TERROIR were invited to contribute a temporary installation at the vineyard of Stefano Lubiana as part of a 2 day “wine trail” festival encompassing Tasmanian wineries. Large-scale public art enables our practice to explore the balance between architecture, culture and landscape.
Our work is underpinned by the marks we make in the landscape. However, where architecture can often be burdened by “use”, “budget” and “building”, the opportunity exists within the art realm to make comparably “pure” investigations. Furthermore, the temporary nature of this installation means it is, in fact, a “sketch” - a sketch that acknowledges the notion of the weekend “trail” and this particular vineyard setting.
We chose to create a large-scale sketch in the landscape - a miniature trail in itself mirroring the “wine trail” theme of the 2 day festival. Rather than focusing on the quality wine on offer, we encourage an understanding of the terroir, of the complete environment. Like a simple line in an art gallery, our line is inflated to a landscape sized organizing element. However, unlike the demarcation purpose in the gallery, our line wanders into the inaccessible to provide curiosity and interest in the greater setting beyond the road to the cellar door.
At a basic level, the line is a guide, providing an indication of the vineyard at the main road and leading visitors up the hill. At the end of the day, having enjoyed the Lubiana hospitality and wine, the line will help visitors find their way home - in true “Hansel and Gretel” tradition. A two-day installation in a working winery such as Lubiana’s required a ‘grander vision’ rather than a miniature response which would also be lost in the expansive landscape setting of the vineyard. The landscape response is informed by aspects of that place:
- The “hands-on” approach to winemaking at Stephano Lubiana led us to consider the mark left by the hand of the “master”. In our case, our “sketch” is the mark left by us as architects;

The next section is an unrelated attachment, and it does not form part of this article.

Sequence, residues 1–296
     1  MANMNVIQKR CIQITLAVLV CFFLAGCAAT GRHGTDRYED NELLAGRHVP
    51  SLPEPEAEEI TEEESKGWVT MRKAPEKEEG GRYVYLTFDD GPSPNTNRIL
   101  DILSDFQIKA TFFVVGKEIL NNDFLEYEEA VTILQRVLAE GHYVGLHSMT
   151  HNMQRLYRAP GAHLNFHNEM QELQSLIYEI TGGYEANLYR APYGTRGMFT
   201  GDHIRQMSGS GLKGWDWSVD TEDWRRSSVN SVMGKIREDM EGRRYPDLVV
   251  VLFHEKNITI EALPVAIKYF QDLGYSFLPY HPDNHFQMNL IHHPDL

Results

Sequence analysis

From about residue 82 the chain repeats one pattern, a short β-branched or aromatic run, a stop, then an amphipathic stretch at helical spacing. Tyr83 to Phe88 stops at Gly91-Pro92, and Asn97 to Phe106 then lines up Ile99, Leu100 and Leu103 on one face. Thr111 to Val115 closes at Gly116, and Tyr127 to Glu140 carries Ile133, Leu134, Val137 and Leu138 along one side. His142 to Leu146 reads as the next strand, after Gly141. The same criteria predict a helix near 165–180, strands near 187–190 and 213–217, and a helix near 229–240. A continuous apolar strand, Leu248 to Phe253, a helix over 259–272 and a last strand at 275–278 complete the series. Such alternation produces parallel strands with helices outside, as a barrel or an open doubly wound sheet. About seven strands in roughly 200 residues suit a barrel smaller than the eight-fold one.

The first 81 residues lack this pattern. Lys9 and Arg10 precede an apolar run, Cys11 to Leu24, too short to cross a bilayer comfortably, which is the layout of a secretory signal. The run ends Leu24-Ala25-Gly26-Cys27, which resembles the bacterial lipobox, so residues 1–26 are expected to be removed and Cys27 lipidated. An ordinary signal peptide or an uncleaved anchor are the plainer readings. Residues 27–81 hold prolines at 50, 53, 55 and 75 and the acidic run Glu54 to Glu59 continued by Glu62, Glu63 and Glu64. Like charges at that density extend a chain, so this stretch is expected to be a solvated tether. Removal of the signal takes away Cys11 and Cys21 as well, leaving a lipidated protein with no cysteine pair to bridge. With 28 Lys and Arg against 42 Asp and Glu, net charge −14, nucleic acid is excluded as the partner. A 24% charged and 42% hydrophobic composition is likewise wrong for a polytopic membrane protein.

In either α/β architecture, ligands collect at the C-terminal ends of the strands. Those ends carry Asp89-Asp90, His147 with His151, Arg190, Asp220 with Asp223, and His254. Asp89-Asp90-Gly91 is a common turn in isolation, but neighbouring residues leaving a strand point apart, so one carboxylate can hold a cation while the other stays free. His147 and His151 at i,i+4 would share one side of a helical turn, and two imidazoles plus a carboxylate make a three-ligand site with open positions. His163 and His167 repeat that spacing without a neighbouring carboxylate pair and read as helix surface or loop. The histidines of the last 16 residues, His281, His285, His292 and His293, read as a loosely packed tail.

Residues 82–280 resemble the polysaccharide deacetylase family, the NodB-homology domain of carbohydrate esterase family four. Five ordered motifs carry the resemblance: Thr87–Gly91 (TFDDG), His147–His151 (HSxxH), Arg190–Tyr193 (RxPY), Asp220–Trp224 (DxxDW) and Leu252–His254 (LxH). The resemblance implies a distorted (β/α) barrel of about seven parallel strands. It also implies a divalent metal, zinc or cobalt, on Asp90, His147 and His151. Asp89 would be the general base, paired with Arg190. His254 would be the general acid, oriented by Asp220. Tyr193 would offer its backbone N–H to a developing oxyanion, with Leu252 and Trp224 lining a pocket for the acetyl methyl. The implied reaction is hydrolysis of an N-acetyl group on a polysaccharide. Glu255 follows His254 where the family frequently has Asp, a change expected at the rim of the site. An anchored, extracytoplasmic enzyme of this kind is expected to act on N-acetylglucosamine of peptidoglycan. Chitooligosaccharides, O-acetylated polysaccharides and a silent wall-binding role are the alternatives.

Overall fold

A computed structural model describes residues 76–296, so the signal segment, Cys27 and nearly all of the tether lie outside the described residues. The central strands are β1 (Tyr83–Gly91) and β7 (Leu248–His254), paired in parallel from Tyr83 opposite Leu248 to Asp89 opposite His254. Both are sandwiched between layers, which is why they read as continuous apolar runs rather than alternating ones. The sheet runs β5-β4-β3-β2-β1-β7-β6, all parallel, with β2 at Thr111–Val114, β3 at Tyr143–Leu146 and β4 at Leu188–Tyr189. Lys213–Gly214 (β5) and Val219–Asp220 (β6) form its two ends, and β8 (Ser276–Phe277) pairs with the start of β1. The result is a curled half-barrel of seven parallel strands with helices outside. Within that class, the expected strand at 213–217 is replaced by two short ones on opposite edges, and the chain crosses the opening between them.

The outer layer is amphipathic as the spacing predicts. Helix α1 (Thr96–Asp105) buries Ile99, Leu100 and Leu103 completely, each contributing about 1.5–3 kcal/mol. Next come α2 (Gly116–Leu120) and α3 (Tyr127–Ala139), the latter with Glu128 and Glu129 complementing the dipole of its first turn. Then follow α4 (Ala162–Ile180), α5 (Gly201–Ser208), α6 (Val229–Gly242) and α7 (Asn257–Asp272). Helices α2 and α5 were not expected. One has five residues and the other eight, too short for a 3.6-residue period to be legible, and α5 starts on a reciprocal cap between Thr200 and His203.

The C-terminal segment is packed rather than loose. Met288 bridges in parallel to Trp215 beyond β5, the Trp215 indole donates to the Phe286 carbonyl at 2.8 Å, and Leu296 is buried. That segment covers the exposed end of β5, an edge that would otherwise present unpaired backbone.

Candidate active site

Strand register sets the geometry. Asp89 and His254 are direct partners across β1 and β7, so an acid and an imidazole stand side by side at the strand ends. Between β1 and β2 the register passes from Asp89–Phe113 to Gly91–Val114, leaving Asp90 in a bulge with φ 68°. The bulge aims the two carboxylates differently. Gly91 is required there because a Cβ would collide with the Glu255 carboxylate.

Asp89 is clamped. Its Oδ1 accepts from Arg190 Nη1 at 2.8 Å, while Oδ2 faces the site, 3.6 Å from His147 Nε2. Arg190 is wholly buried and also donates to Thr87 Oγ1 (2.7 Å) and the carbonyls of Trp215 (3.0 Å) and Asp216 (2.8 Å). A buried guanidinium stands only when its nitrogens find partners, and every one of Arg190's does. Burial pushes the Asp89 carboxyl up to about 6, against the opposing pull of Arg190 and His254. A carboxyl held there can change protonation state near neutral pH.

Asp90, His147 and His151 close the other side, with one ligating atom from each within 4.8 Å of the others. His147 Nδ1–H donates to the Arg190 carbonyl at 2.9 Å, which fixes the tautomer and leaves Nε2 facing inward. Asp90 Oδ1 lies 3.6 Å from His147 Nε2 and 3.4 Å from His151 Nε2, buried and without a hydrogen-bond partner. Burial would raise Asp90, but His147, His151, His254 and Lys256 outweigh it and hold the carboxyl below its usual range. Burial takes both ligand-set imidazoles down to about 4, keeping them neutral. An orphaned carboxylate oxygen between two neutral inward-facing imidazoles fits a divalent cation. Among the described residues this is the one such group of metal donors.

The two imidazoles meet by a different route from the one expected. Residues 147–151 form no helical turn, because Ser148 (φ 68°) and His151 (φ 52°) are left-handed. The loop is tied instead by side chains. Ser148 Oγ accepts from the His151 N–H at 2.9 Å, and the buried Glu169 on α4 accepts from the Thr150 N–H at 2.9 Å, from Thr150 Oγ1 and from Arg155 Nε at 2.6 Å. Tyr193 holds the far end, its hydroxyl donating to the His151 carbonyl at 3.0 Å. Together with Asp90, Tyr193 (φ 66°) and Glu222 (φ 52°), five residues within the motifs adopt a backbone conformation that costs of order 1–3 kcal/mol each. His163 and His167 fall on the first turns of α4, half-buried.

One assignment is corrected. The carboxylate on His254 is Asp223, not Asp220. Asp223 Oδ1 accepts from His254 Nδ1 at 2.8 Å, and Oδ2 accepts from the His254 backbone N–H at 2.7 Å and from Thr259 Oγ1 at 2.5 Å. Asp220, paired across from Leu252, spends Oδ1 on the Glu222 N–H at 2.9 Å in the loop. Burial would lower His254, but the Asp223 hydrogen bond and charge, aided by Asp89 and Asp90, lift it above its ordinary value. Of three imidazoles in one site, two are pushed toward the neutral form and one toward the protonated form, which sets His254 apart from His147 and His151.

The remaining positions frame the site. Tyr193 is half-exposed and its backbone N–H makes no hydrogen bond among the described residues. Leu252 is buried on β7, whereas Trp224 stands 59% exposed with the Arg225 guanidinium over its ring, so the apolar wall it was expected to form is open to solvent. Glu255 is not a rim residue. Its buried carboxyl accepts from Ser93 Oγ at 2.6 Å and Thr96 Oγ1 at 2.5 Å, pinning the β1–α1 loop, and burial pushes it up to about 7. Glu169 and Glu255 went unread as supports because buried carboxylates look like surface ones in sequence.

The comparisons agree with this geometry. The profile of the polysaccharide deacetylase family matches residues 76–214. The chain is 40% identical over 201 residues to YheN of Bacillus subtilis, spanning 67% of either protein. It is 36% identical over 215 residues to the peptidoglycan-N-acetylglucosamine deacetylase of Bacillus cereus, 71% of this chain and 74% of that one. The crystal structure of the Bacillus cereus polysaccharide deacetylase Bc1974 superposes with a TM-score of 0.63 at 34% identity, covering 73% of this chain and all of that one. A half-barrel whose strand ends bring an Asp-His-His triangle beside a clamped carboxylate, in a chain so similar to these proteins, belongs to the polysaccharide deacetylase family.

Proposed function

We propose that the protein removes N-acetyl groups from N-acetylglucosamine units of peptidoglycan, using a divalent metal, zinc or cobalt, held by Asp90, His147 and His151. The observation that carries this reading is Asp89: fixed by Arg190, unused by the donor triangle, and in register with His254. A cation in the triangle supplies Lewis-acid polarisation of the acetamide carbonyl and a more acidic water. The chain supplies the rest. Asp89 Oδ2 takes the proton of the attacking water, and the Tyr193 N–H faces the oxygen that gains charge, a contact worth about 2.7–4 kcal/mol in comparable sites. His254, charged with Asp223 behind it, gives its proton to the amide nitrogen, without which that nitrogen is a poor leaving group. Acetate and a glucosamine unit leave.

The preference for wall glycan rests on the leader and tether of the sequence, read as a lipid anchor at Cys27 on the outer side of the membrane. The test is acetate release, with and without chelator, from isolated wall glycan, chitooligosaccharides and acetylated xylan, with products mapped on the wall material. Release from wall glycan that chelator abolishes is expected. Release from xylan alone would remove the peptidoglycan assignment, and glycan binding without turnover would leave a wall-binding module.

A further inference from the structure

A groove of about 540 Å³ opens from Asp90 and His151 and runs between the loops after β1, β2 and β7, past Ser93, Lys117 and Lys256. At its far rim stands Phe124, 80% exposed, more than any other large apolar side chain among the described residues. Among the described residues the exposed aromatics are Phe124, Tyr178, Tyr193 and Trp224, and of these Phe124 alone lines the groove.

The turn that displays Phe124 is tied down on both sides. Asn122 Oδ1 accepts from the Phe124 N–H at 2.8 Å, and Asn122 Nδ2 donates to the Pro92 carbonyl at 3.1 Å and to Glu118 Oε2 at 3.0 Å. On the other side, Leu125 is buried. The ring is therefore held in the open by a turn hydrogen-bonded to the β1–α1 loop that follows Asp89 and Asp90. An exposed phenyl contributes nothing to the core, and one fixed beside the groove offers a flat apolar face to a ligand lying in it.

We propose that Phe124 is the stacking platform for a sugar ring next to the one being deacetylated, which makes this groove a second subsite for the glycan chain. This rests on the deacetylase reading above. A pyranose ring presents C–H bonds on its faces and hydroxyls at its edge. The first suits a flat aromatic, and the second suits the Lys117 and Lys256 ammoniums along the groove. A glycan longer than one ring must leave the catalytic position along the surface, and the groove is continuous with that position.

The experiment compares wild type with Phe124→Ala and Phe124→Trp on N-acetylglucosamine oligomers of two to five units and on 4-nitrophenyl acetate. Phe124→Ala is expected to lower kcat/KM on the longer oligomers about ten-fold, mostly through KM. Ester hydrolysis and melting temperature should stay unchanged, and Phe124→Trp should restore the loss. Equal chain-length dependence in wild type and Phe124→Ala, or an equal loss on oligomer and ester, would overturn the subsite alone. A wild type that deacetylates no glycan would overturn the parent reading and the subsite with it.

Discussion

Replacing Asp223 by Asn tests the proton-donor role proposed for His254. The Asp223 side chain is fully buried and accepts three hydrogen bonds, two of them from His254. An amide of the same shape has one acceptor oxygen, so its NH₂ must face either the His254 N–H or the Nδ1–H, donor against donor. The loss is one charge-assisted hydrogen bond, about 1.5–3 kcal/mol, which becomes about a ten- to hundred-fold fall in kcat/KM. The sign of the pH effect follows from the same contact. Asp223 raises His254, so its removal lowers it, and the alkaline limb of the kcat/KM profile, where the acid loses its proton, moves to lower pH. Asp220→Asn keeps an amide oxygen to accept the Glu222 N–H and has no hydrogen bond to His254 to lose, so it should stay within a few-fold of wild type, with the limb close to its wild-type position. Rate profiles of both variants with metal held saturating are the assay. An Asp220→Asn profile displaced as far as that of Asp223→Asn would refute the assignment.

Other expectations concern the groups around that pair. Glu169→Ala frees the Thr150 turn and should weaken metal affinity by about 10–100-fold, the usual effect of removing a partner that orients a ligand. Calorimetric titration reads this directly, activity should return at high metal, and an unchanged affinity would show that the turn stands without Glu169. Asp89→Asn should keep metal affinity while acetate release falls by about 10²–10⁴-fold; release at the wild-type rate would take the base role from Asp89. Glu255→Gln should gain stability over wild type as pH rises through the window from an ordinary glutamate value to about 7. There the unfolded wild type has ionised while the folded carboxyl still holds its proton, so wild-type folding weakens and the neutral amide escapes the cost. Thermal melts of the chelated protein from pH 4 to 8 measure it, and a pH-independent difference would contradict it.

- Just as the Lubiana graphic of a cursive handwriting relies on the flow of a continuous line, our continuous line wavers across the landscape as a giant Lubiana “logo”.
- The lines’ bright orange colour is a deliberate reference to Lubiana’s previous disagreement with the Champagne house Veuve Cliquot who took exception to Lubiana’s use of a similar colour on his labels.
As architects we are concerned with the physical and cultural context. This demands an installation made specifically for this place rather than the placement of a previously made work in the hope that some relation can be drawn between the two. However, when compared to the permanence of architectural works, a temporary installation such as this is a “sketch” - a sketch done at full size and in a landscape context. The “sketch” is historically important in architecture as the representation of an idea that ultimately manifests in a building. Whereas in painting, the “subject” of the artwork is said to exist prior to its representation, in architecture the reverse is the case - the drawings and sketches must exist before the building can be a reality. Subsequently, the architect’s sketch has become a much contested device, at times a mythical construct that lies at the core of an architect’s “genius”.
Photography by Jenny Walker and Richard Eastwood